• "There is a different class of visa for that - employees of multinational companies going from one country to another."

          That is the L1 visa, used for management. They use that to send the project managers and executives to the US. But the on-site developers have H1B. If they're using the L1 to send the regular developers, that's visa fraud.

      • by Ryanrule (1657199)

        I was just hired with a fat salary to be the onsite tech lead. Working for one of the big Indian it shops. They may be getting ready for this eventuality.

    • what needs to happen comes from 2 different angles

      1 H1B and fraud: a company posts massively exaggerated requirements (10 years experience in Windows 7 Server and 25 years in Java) and then after they can't hire a Local person they grab an H1B to do the job (but with far lower requirements)

      2 Outsourcing: jobs get shipped to %cheapest country% just because its cheaper (with a lowering of quality)

      So what needs to be done is

      1 if you get an H1B it is required you be paid LOCAL MARKET WAGES for what your job is

  • What I would like to know is: why is people from outside willing to take a low-paying job and people from within not willing? Or why does the employer believe that?

    If the problem is local people not willing to settle for lower, then I can't really blame the employers for wanting to look for something cheaper (even if it means from the outside). They are, after all, looking for profit.

    If the problem is the perception, why does such perception exist? What can potential, local employes do to change that perce

    • by Grand Facade (35180) on Thursday July 25, 2013 @08:51AM (#44379787)

      It's about profit
      It's about work ethic/culture
      It's abut indentured servitude

      You can get 80 hours a week out of a HB-1 for a salary
      A US citizen is not going to sign on to that ball and chain

    • I guess what I'm trying to ask is: why do they want H-1B workers instead of local? And so far I haven't seen this question answered, at least not outside the speculations of the comment section going "it's all about profit, that's what they care about" which is, well, a given.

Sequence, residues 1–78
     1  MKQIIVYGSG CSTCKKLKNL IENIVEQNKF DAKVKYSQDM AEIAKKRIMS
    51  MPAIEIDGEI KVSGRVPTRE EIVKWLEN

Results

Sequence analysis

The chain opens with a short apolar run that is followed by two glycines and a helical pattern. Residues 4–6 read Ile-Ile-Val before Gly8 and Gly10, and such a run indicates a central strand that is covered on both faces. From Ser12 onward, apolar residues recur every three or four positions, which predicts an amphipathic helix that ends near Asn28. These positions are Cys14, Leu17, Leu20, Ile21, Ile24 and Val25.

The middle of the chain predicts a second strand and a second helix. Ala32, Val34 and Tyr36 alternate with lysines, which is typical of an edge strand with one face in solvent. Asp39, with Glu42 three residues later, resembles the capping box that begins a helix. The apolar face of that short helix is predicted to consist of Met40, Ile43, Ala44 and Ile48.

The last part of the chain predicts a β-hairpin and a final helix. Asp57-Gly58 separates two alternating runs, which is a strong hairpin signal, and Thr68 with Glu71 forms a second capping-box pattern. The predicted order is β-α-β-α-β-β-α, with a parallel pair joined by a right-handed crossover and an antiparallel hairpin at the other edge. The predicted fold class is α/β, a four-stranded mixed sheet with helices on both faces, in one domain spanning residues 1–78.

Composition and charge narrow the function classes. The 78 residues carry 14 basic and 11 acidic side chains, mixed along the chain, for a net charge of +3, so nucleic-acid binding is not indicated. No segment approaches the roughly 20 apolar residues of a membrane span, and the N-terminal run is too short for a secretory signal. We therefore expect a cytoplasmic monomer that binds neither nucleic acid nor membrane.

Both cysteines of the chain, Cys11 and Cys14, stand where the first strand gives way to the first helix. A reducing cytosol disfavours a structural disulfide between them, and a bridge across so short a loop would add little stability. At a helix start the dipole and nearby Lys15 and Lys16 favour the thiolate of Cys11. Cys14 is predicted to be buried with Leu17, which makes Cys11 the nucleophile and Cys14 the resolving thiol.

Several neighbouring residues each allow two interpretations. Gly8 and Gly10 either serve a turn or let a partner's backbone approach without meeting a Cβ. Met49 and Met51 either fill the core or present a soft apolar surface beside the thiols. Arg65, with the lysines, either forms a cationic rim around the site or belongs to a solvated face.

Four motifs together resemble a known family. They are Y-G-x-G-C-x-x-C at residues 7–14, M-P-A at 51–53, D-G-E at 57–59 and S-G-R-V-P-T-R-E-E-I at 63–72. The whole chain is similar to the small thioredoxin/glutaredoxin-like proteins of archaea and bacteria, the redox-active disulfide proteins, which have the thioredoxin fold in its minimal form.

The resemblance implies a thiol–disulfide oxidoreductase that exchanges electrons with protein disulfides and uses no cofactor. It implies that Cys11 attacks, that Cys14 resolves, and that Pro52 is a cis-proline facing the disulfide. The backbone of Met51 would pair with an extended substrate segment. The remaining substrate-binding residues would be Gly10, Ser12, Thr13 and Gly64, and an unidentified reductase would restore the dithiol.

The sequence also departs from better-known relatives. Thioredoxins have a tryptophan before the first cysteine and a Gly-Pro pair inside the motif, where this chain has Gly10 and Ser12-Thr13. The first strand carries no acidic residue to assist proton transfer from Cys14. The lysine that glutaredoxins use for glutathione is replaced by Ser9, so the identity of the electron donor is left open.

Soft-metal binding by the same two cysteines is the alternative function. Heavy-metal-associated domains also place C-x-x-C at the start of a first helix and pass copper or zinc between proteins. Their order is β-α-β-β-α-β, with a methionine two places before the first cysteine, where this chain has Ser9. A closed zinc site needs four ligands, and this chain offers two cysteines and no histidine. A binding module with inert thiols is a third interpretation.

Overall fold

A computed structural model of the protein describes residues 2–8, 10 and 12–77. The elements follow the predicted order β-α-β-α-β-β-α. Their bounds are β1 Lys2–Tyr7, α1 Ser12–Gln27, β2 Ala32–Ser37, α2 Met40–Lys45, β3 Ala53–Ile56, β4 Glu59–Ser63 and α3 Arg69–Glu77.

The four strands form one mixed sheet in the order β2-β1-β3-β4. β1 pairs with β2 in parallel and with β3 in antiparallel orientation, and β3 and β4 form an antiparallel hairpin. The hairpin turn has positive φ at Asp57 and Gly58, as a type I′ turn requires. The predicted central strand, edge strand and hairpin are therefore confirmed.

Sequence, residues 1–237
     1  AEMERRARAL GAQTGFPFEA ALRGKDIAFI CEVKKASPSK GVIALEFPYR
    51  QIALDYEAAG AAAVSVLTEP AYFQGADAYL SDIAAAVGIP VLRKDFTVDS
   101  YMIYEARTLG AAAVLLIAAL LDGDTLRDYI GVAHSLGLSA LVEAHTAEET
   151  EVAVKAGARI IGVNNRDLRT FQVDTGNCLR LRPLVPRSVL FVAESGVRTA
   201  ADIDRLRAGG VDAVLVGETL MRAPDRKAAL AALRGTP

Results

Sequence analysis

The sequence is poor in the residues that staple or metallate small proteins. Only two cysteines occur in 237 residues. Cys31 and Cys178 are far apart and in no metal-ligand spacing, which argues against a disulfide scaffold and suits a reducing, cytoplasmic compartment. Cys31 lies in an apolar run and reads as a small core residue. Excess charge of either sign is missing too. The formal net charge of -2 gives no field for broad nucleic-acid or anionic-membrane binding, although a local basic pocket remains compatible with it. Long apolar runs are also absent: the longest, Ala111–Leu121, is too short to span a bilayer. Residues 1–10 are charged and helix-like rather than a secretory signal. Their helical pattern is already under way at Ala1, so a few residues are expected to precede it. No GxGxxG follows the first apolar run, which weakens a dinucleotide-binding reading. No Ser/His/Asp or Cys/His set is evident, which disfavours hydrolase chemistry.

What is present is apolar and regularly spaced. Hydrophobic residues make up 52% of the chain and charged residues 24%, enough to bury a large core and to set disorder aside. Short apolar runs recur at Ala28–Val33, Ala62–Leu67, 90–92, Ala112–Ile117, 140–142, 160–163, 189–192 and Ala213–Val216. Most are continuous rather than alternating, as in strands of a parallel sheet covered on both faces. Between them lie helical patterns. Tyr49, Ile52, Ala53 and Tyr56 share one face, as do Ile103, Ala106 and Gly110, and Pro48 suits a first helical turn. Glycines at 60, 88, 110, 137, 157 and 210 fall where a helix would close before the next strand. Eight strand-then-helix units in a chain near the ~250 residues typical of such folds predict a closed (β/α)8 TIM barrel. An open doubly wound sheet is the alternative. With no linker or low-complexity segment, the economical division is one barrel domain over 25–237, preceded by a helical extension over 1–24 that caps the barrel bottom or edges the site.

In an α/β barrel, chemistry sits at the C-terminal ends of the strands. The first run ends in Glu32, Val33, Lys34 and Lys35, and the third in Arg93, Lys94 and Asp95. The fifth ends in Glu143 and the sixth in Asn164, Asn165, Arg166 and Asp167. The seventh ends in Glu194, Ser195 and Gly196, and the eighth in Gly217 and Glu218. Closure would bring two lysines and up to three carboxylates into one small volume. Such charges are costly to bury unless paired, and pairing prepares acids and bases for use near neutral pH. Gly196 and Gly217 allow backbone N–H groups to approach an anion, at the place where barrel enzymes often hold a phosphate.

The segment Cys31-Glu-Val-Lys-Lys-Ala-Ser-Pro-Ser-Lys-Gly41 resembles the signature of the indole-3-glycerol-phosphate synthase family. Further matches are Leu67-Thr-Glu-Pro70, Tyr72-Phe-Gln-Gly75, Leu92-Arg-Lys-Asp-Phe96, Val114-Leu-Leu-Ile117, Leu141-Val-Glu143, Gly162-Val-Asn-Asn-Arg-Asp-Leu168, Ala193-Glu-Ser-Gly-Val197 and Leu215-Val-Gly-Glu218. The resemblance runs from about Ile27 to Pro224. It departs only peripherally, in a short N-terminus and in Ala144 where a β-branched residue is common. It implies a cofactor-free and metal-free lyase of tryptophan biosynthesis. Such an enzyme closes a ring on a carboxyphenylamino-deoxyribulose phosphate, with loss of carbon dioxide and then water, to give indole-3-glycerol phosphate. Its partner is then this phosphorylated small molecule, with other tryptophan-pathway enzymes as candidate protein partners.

You ask a question, then answer it. Why are you not satisfied with what is, by your own statements, the obvious answer? Why do you think that there have to be other reasons? William of Ockham was one sharp dude.

      • by Ardyvee (2447206)

        My point was: yeah, they care about profit. Now, are they deciding that to achieve that goal they want H-1B workers because they are cheaper, or because they are perceived to cheaper, or because of what? Yeah, they are profit driven. That does not really explain that they want h-1b workers unless you also consider that they are (or thought to be) cheaper than local population.

        What I want then is for real data to be gathered to answer the question. Unless you consider the comments section of slashdot good en

    • by h4rr4r (612664)

      They want H1B because they will take less pay and if they ask for anything can be fired and deported. If you want to hire cheaper workers, then maybe you should say so and I can avoid your products. If you want to hire workers you can deport at will, say so and I will avoid your products.

      Why should any worker accept that kind of arrangement? Why should society tolerate such behavior?

    • What I would like to know is: why is people from outside willing to take a low-paying job and people from within not willing?

      Come from a developing country and work for a few years earning way more than you could locally; save like crazy, shared accomodation, limited social life etc. Build up a say $20000 of savings. Go home, that $20000 is enough to give you a good start in life in your home country with a much lower cost of living.

      Now image someone local to the developed country doing the same thing.

    • by stud9920 (236753)
      Because having something for cheap is good microeconomically, but bad macroeconomically. H1Bs create poor workers, who don't spend money expect for basic, low margin survival stuff. By paying workers more, they can actually spend the money on you, your competitors (including those who compete with you only for the raw purchasing power of the workers), and your B2B customers. It drives business up. By keeping your margins for yourselves (which as a broken window fallacy afficionado you'll probably advocate,